My, it’s been a busy 10 days! One for the record books, I’d say, but we have a winner – or do we? Regardless, someone will be sworn in come January. I think.
A couple of weeks ago, I talked about the recent stock splits from Apple and Tesla, and since then, a number of you have asked why there’s no Apple stock in our Envestnet accounts. We all use Apple products on a daily basis, right? Whether an iPhone, iPad, MacBook or even an old iPod, it’s hard to escape Apple. So, why don’t we own a company we all use on a daily basis?
This week, I want to talk about stock splits, as I’ve been getting a few questions about what this means. Apple recently split their stock four-for-one, and Tesla split five-for-one. That means that if you used to own one share of Tesla worth, say, $2,000, you now have five shares worth $400 each. Stock splits certainly aren’t anything new, and were common during the late 1990s tech boom (more on that later). The split does not change the value of Tesla.
This week, we’re going to address the second most popular question I’ve been receiving lately, right behind “what about the election??” That question is: “Should I consider cashing out and staying in cash for a while with what’s on the horizon with…?” Fill in the blank as to what’s causing you anxiety: the election, Covid, the second wave of Covid, Trump, Biden, China, unemployment, no football (for you Big 10 and Pac 12 fans), masks. That should about cover it! Hopefully your blood pressure isn’t up too many points.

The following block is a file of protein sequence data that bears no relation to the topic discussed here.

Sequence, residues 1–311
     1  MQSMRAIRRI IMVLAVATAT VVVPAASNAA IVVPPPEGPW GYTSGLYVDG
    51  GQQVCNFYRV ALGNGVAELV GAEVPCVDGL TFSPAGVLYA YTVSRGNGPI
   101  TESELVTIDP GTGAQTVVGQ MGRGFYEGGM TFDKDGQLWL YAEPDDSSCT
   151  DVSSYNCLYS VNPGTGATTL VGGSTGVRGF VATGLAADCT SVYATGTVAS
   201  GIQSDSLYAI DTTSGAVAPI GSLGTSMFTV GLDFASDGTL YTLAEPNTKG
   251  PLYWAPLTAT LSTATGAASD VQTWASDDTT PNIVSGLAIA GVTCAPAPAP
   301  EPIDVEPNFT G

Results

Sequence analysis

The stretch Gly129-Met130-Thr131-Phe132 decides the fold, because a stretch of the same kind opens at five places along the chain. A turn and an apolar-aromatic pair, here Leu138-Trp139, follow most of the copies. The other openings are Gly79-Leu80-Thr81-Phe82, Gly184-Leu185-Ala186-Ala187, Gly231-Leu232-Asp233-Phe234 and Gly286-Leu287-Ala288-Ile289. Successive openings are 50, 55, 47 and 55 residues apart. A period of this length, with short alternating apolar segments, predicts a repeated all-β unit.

It seems to me like the whole world has just hit the reset button, sort of like when your computer is acting weird, so you just hit restart, hoping to smooth things out a little. We’ve looked for answers in Netflix. We’ve set up creative home offices. We’ve bought masks bearing the logos of our favorite sports teams while wondering when we’ll get to see them play again. We’ve accepted (some of) the things we can’t change, and we’re adjusting accordingly as best we can.
For those of you who read last week’s newsletter, we talked about all of our future plans that have been cancelled. This week, I wanted to focus on some of the things we can look forward to as we wait for life to resume some semblance of normalcy. Now, I’m not talking about going to a restaurant, or to see your favorite sports team play, or hopping on a plane to somewhere that isn’t having monsoons! I’m talking about life events that will, one way or another, happen.
When was the last time you reviewed your mortgage? If it’s been a couple of years, it may be worth pulling out those documents and taking a look at your rate, terms and payment. A few things have happened recently that might make this a good time to look into a refinance, especially if you have a strong credit score.
Sometimes the best strategy is to do nothing at all.